I first encountered Action, Ohio, when Jack, Anthony, The Doctor, Delos, and I did a round of reviews at Comic Fencing. I heard about the comic again when Neil sent out a press release that the comic had moved to Shadowline, an Image Comics affiliate that begun publishing webcomics in October 2008. I did some quick research, and it quickly dawned on me that Neil Kleid was prolific. Winner of a Xeric Award (for Ninety Candles), writer for several print comics published by NBM to Slave Labor to Image, art director for Comedy Central and Miramax campaigns, creator of several webcomics…. Good God, y’all.
A large sample of his work can be found at his Rant Comics site.
I contacted Neil if he’d like to do an e-mail interview, and he graciously accepted. Neil had already conducted two excellent interviews with Newsrama and io9. I wanted to touch on subjects that hadn’t yet been covered at the other sites: what it was like working for Zuda and Shadowline, what common themes were within his body of work, and … why Ohio?
Submitted by Xaviar Xerexes on January 22, 2009 - 14:50
Last year I posted a couple times (Previous posts on this "research" project were here and here) about a possible article on "ComixTALK's 100 Greatest Webcomics" which would be something like the American Film Institute's list of the greatest movies of the last 100 years.
A recurring comment to the previous two posts was what is the criteria for this. I'm always a little hesitant to give too much guidance when part of the point of asking this kind of thing out loud is to listen to the resulting discussion of what everyone else thinks the criteria should be. For the AFI list judges picked films based on criteria such as Critical Recognition, Major Award Winner, Popularity Over Time, Historical Significance, and Cultural Impact.
That sounds about right to me. We've got a round decade plus a year or two of webcomics to look at it. Critical reception (both from peers and critics), and popularity are both relevant to thinking about the impact of a webcomic. WCCA awards are somewhat indicative of what peers were impressed with in a given year and more recently awards like the Eisners and Ignatzs have recoginized webcomics. Historical significance and cultural impact are a little harder to pin down but various "firsts" in webcomics are important and comics like Penny Arcade have had a much wider impact on popular culture than most comics do these days (put aside the legacy superheros of comics -- what other "new" comic, let alone webcomic, in the last decade has had a wide cultural impact?)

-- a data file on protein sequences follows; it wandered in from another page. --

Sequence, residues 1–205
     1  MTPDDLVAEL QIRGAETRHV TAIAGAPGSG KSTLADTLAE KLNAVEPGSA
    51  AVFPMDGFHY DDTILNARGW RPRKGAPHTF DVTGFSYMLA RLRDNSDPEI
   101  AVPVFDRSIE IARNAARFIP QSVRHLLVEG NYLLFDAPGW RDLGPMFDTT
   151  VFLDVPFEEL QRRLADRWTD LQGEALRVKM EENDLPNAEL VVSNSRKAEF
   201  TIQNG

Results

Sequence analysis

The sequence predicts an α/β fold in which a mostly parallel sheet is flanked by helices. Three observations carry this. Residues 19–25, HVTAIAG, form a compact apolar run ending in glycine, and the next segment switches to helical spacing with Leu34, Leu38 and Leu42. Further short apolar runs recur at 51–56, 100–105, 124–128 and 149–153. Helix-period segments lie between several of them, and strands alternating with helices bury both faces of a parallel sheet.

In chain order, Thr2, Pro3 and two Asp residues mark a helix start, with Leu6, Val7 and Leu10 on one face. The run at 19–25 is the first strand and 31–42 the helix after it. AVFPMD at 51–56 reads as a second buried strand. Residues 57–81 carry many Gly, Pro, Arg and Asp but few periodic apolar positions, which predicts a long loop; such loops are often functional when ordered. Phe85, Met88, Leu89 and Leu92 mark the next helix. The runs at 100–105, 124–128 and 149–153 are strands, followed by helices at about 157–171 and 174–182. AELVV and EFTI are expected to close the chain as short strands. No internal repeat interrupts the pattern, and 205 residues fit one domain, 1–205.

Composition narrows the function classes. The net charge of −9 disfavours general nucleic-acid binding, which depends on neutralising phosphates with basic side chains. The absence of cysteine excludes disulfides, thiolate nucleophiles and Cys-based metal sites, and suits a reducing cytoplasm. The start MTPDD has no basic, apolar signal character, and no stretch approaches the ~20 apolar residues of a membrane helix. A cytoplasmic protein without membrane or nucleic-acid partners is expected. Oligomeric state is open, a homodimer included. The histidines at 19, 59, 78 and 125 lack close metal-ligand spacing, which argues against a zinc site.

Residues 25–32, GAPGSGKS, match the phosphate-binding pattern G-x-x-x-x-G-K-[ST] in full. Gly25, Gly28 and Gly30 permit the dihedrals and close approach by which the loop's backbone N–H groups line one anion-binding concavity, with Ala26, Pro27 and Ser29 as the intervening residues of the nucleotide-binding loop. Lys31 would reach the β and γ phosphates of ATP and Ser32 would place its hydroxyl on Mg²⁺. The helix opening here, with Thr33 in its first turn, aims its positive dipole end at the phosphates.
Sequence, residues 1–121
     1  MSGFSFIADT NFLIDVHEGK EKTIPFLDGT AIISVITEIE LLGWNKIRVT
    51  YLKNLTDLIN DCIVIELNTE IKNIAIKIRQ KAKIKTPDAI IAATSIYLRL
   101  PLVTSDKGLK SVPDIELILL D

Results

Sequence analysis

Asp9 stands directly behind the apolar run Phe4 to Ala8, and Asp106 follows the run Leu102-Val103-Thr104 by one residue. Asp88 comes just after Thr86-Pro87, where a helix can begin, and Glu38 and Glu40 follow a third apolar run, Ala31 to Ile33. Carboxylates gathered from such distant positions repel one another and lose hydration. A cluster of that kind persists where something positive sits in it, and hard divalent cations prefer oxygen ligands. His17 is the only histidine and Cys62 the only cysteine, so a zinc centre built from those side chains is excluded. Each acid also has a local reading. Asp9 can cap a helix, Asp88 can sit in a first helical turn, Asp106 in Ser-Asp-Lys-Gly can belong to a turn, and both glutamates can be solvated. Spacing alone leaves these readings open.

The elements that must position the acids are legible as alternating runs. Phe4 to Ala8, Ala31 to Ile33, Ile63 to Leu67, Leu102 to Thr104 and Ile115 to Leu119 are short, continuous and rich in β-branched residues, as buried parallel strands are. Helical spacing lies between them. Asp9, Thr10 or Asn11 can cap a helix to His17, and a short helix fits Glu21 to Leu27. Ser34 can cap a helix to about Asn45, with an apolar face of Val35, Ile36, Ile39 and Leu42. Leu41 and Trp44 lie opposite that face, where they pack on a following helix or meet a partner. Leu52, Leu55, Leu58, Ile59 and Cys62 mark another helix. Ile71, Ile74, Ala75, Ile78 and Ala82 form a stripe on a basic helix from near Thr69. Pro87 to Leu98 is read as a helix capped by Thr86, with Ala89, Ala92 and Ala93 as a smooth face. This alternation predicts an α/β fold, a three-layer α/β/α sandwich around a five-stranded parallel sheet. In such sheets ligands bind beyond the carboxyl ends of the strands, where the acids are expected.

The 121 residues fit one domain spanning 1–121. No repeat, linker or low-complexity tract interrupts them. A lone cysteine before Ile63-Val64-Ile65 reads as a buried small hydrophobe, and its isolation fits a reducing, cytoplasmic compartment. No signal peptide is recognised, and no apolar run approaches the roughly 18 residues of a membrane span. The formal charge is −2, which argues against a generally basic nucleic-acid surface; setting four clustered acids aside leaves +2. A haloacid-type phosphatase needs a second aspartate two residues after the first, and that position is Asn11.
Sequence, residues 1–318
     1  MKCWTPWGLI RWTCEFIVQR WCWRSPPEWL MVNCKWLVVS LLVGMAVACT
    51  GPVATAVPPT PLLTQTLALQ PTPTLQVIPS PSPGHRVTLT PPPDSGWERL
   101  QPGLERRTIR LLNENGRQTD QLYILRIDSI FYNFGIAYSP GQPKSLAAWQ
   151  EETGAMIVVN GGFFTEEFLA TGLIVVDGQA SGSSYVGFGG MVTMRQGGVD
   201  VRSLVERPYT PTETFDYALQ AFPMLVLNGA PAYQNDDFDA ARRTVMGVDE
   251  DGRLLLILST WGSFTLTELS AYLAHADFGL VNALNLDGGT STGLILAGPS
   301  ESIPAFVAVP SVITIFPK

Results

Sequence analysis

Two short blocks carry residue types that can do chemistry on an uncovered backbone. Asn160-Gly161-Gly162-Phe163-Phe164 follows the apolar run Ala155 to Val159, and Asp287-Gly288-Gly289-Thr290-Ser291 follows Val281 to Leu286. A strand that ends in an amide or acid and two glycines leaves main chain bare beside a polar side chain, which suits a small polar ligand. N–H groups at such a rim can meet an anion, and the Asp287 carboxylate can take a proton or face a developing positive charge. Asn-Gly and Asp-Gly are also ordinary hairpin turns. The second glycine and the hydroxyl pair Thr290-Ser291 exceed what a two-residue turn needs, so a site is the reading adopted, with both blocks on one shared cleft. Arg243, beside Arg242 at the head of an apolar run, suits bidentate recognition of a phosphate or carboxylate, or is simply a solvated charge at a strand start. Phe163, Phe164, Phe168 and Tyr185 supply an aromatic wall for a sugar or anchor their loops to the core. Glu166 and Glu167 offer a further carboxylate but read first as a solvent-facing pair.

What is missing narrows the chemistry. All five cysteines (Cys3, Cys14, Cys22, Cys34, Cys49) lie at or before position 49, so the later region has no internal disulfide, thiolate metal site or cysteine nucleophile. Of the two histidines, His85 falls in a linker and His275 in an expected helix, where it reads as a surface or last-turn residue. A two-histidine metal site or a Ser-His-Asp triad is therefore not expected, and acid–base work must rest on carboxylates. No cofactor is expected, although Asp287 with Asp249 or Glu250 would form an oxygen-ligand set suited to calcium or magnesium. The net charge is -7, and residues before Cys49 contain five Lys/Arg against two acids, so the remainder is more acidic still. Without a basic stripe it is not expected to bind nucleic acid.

Another thing AFI did that might be useful here to help sort through the vast numbers of webcomics one could talk about is to also think about categories or genres of work. Just as a simple matter of numbers if a webcomic isn't one of the best of a larger type of story -- or frankly, so startlingly unique it's hard to categorize -- then it's hard to imagine it's one of the 100 Greatest...
So to move things along I'm listing another "draft" of titles submitted by the crowds but this time I've tried to break them up into drama and comedy so as to help avoid complete apples to oranges comparisons. In doing that I've realized (1) it's hard in many cases to decide; and (2) there are probably more comedic than drama on the list so far. I think it would make sense to whittle down the two lists to 75 each so as the final list is no more than 3/4 of one type or the other. Of course we could further do genre type lists but for now this was enough work on my part.
So -- your assignment (if you choose to play):
- Name the comic you're talking about (you're also welcome to nominate ones not on the list -- I KNOW there are many I haven't even thought about yet -- it takes time to review all of the corners of the web)
- Tell me where on one the two lists (comedy and drama) it should be (you could give a range of slots if you're not sure). (If you think I've got a drama on the comedy list or vice-versa let me know! I'm not "done" - this is fairly dashed off still at this point)
- Tell me why! Referencing awards, critics, historical achievements, strengths and weaknesses of the works are all really helpful!